Splitting a document?

Is it possible to split a RTF/Text document at the cursor position into two RTF/Text documents?
Thats a feature that would really simplifly my DEVONthink-life.
It should be a menu-command next to “merge”.
Can anybody think of a script doing this?

Thanks a lot for answers, Louise.


I’m guessing that you know it’s possible to select a portion of an RTF or TXT file and drag that selection to the folder-item pane, where the selection becomes a new file, named for the first line of text?

It’s similar to Option-dragging in the Finder, except that this method copies portions of files. I use the select-drag method constantly to break up long files of notes into shorter labeled items.

I sense that you’re after something else, but perhaps this method is partly helpful.


Louise, there’s also that ancient Mac trick of selecting a portion of text, then pressing Command-X to delete it and copy it to the clipboard.

Now that the text segment is in the clipboard, press Command-N to create a new DT Pro document whose title is the first line of text.

I’ve been splitting documents this way for years. :slight_smile:

For safety’s sake I usually work with a copy of the document that I want to split into segments.

Thanks, Howarth. I didn’t know that. But it seems as if this will make a new file of the selection, but would not delete the selection in the original file?

Thats how i do it since i’m working with DEVONthink :wink:
But if you do something a hundred times a day, you start thinking of how it could be made even more easy: without having to select anything, with one single keystroke 8) (I also would be fine with having to select the text, but then delete it from the original and paste it into a new document with one keystroke - sounds like possible with Applescript. I will try :unamused: )

Thanks for the answers, Louise.

As we have recently been talking about competition :wink: :
In OmniOutliner you can split items at cursor position: it’s as simple as pressing CTRL-RETURN (and CTRL-DELETE to merge them again).

All the times I read messages about repetitive tasks I’m reminded of Beagle Bros software on the Apple IIe. They had software they called macros. The user would determine a keystroke combination and set it to record and then go through the process using the proper keystrokes to accomplish the task; then turn off the recording and you had the procedure.

I know, I’m showing my age by talking about a IIe, but I’ve often wondered why that process (or software) is not available on our “much more modern machines”? It seems to me it would be easier for a user like me to record keystrokes than it is to learn scripting, etc.

I know of one program that does something similar, it is called iKey. There are several of these programs available for Mac OS X.

On Mac OS there used to be a feature called AppleEvent Recording that would achieve similar goals but unfortunately, this never really caught on.

The great-grandaddy of such programs is QuicKeys, now up to version 3.1.1. You can create just about any program or system automation that you want. It’s a little pricey ($80 US) but I know many long-time users who swear by it.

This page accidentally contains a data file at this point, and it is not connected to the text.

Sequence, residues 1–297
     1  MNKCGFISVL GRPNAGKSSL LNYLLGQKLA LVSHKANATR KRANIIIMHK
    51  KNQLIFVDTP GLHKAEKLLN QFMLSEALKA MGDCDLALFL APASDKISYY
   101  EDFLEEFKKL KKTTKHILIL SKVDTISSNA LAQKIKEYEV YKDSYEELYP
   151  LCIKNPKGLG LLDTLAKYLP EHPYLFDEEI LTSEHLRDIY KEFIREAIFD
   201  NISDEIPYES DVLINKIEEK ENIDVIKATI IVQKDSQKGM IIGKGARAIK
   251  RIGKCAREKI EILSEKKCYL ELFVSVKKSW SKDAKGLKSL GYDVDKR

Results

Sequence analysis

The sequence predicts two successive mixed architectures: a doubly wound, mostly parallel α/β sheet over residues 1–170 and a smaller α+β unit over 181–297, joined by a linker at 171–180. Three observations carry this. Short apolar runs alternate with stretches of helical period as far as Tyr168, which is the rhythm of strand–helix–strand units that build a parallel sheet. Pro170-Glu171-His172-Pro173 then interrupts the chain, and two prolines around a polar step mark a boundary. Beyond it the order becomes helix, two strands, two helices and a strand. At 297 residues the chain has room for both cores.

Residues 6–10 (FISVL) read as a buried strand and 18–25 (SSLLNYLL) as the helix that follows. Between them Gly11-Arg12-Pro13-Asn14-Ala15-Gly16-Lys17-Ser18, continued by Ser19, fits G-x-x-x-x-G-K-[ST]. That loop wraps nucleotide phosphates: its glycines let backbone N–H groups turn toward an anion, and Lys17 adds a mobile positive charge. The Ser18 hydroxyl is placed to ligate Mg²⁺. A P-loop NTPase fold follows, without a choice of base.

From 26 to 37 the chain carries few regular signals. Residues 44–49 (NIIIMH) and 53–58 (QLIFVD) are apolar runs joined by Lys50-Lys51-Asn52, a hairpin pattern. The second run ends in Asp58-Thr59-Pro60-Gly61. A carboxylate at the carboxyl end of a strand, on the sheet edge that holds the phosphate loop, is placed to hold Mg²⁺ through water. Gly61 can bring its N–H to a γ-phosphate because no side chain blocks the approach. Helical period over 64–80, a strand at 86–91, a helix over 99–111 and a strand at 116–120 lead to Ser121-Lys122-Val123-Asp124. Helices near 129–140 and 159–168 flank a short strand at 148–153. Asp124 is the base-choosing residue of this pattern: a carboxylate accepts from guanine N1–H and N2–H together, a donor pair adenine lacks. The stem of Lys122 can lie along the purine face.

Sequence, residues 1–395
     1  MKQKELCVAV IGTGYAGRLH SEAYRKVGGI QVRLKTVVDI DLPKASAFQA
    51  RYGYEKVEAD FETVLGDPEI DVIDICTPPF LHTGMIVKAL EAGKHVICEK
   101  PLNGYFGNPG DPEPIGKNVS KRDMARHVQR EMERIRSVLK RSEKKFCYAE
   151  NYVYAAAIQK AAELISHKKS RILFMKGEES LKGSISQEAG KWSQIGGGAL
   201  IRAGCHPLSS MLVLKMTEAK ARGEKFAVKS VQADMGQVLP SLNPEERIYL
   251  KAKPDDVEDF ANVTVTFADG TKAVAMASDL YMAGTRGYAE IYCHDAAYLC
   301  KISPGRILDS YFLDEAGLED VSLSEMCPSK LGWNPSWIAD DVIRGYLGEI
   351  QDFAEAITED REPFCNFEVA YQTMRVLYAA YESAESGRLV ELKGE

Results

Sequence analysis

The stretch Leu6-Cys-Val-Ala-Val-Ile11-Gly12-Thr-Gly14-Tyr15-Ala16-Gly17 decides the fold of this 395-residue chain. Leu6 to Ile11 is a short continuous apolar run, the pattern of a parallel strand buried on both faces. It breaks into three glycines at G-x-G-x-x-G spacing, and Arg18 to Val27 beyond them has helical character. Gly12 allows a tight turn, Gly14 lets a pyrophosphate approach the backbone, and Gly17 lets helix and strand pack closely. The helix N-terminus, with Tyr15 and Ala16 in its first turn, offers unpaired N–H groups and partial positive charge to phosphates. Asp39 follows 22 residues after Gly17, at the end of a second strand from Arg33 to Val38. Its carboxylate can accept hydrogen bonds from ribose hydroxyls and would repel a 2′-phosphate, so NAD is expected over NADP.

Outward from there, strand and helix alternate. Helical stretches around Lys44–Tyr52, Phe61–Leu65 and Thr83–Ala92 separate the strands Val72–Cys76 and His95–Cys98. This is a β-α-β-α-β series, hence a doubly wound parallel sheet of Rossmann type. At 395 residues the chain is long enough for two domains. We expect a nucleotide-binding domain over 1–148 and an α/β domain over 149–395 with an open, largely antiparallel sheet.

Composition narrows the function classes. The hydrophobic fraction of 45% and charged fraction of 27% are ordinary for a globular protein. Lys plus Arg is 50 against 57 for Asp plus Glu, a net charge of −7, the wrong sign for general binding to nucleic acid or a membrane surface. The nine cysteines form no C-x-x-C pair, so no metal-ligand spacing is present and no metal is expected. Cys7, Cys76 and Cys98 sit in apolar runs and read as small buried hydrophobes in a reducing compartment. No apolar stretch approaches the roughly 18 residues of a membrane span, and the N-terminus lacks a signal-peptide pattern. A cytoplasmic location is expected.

Ah, the Apple IIe. My first one had a single disk drive: install the program in RAM, and then slip in a data disk to work on files. When I got a second disk drive, I thought I was in PC heaven. (My prior experience was on a mainframe, writing line at a time with embedded commands.)

Back in 1980 I got an Apple ][+ with 64 K RAM and 2 floppy drives. That was a big machine back then. Still have souvenirs like a low-serial-number copy of VisiCalc, a pink mouse card (the card, not the mouse) and a 1 MB external RAM card.

Wrote some fairly sophisticated database programs using Barney Stone’s programmable database core, DB Master. One of them was a “smart” database for groundwater monitoring data that could adjust to seasonal variations of flow directions and run all the statistical evaluations of each parameter being monitored. Another held thousands of records from hazardous waste sites that was successful in bringing responsible parties to the negotiating table to fund cleanups of the sites. I had come up with a scheme of “meta fields” that allowed data of essentially unlimited length to be entered in a field that nominally held only about 256 bytes to 32 Kbytes.

In those days, I could run larger databases on an Apple ][ than could be run on a PC, because I could bridge many floppy disks and everything was indexed. When I finally got a 5 MB hard drive, that seemed like a miracle. Don’t even ask what a 5 MB hard drive cost back then. :slight_smile:

You guys have me beat. My first Apple was a 128K Mac (given to me by a friend in 1985). My first Mac purchase was the brand spankin’-new SE, $3K right off the initial release! 1 MB of ram and a 4 MB hard drive, wow! I thought I’d never, ever use all that memory.

Before my first Mac I used a typewriter. :slight_smile: Though I started playing around with Basic on a friend’s Pet Commodore in around…dang, I can’t even remember how far back that was!

I still have my SE. I plan to make it into a planter or something. Even have my old discs, so I could still play Shadowgate or the Univited if I want.